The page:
WTI Crude Declines on Rising U.S. Fuel InventoriesBen Sharples and Jake Rudnitsky
West Texas Intermediate crude fell for the second time in three days after industry data showed fuel supplies increased in the U.S., the world’s largest oil consumer. Brent was little changed in London.
Futures dropped as much as 0.9 percent in New York. Gasoline and distillate inventories each expanded by 400,000 barrels last week, the American Petroleum Institute was said to report yesterday. Government data today is forecast to show stockpiles of the motor fuel shrank by 1.4 million barrels, according to a Bloomberg News survey. WTI’s moving averages have formed a “death cross,” a bearish chart signal.
“The API figures indicate a rise in stockpiles at the end of driving season,” Thina Saltvedt, an Oslo-based analyst at Nordea Bank AB, said today by telephone. “The market has reacted and is now waiting to see what the weekly inventories will show.”
WTI for October delivery slid as much as 89 cents to $94.65 a barrel in electronic trading on the New York Mercantile Exchange and was at $95 at 1:09 p.m. London time. The contract climbed 2.9 percent to $95.54 yesterday, the biggest gain since August 2013. The volume of all futures traded was about 6 percent below the 100-day average. Prices have decreased 3.5 percent this year.
Brent for October settlement fell 9 cents to $102.68 a barrel on the London-based ICE Futures Europe exchange. It advanced 2.4 percent yesterday. The European benchmark crude traded at a premium of $7.68 to WTI, compared with $7.23 yesterday.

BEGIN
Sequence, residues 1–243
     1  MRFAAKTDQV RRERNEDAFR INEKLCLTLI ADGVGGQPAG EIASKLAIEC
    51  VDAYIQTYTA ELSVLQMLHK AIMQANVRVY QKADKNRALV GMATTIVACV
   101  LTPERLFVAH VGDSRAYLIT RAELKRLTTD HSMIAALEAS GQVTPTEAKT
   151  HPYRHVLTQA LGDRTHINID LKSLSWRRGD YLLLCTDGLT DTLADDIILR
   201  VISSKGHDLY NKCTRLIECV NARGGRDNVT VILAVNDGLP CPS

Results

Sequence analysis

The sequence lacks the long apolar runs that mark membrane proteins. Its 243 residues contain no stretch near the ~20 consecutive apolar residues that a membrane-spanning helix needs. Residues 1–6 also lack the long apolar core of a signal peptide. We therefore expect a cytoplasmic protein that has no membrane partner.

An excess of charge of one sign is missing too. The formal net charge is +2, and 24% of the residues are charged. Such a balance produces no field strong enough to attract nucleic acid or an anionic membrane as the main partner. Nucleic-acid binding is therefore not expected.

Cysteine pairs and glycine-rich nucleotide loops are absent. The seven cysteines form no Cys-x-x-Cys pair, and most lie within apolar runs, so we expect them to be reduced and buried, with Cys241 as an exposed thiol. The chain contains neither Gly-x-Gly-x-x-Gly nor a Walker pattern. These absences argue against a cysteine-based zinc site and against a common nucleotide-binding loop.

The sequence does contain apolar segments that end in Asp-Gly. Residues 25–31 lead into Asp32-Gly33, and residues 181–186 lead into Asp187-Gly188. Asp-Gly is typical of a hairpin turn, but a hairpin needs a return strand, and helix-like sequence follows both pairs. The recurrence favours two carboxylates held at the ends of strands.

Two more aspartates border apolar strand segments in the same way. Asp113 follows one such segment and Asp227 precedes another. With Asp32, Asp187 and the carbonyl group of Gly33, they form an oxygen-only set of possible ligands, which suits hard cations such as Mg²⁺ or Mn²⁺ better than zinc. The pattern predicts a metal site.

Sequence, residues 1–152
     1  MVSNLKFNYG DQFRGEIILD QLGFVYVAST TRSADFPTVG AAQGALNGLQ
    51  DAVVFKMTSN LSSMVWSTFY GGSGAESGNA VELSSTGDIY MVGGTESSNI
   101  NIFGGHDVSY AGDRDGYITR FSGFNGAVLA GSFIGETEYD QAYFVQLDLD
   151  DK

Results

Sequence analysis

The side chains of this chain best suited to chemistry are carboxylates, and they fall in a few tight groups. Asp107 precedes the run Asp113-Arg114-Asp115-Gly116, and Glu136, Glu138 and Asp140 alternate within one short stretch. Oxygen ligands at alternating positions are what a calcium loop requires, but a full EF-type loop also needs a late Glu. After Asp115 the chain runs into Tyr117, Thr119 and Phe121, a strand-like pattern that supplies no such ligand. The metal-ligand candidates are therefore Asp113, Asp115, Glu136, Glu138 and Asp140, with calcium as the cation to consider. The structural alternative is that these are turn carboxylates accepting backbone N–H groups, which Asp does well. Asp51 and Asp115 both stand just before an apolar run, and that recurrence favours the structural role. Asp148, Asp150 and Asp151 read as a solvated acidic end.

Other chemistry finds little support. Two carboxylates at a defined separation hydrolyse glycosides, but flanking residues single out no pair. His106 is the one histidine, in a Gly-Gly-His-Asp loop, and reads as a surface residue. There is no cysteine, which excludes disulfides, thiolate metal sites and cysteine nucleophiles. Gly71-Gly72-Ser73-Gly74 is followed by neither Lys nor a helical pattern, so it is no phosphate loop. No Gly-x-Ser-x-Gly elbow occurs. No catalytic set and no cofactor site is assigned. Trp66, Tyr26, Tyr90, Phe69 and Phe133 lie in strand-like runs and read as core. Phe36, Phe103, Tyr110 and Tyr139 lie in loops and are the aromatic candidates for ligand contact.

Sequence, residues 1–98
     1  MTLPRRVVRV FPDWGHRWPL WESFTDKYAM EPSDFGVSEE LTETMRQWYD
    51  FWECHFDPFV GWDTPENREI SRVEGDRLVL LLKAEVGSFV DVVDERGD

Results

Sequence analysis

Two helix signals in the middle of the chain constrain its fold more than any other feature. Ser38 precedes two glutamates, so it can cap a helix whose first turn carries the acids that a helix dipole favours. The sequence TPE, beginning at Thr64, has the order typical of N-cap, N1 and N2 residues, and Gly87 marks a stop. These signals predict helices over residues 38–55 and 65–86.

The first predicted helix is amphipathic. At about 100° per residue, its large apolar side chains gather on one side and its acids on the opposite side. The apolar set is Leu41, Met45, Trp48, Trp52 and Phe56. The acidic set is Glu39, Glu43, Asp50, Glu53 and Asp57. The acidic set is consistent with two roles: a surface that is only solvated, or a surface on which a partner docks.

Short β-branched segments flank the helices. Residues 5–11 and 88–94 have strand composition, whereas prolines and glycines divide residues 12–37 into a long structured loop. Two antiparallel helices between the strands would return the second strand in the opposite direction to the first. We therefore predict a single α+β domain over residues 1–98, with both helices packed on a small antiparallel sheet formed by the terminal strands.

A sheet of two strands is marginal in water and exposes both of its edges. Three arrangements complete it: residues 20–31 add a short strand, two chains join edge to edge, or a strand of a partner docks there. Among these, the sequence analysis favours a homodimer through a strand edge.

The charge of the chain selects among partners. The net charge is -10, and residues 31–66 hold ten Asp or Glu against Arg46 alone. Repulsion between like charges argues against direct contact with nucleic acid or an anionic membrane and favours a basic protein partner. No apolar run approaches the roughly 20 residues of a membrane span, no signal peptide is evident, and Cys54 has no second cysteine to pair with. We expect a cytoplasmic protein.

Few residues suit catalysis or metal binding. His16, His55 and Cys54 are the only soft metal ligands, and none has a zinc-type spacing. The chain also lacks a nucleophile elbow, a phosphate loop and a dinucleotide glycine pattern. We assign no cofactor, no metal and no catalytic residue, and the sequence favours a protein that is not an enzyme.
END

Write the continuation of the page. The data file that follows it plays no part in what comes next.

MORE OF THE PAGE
WTI is down 0.9 percent this week, extending a second monthly loss in August. U.S. crude inventories shrank by 500,000 barrels in the seven days ended Aug. 29, the API reported, said Bain Energy. Supplies probably fell by 1 million, according to the median estimate in the Bloomberg survey of 10 analysts before the Energy Information Administration data today.
The API in Washington collects information on a voluntary basis from operators of refineries, bulk terminals and pipelines, while the government requires that reports be filed with the EIA, the Energy Department’s statistical arm.
WTI’s 50-day moving average, at about $99.50 a barrel today, closed below the 200-day mean yesterday for the first time since April, data compiled by Bloomberg show. Investors typically sell contracts after such a technical pattern, known as a “death cross.”
“It’s been a mixed six weeks of draws and gains on supplies” during the peak U.S. driving period that typically ends on Labor Day, said Jonathan Barratt, the chief investment officer at Ayers Alliance Securities in Sydney. “The price volatility doesn’t justify the economics behind it.”
Russia’s President Vladimir Putin and his Ukraine counterpart Petro Poroshenko agreed yesterday to work on a “cease-fire regime” and take steps to end a conflict that the United Nations says has killed 2,600 people and displaced more than 1 million.
The announcement came as U.S. President Barack Obama and other leaders of the North Atlantic Treaty Organization headed to the U.K. for an annual meeting of the military bloc, which was created in 1949 in part to counter the Soviet Union. Russia is the world’s largest energy exporter.
In Libya, the group that controls the nation’s biggest oil port pledged to work with the government to keep crude flowing to international markets and defend fields against any advance by Islamist militias that seized Tripoli. Libya is a member of the Organization of Petroleum Exporting Countries.
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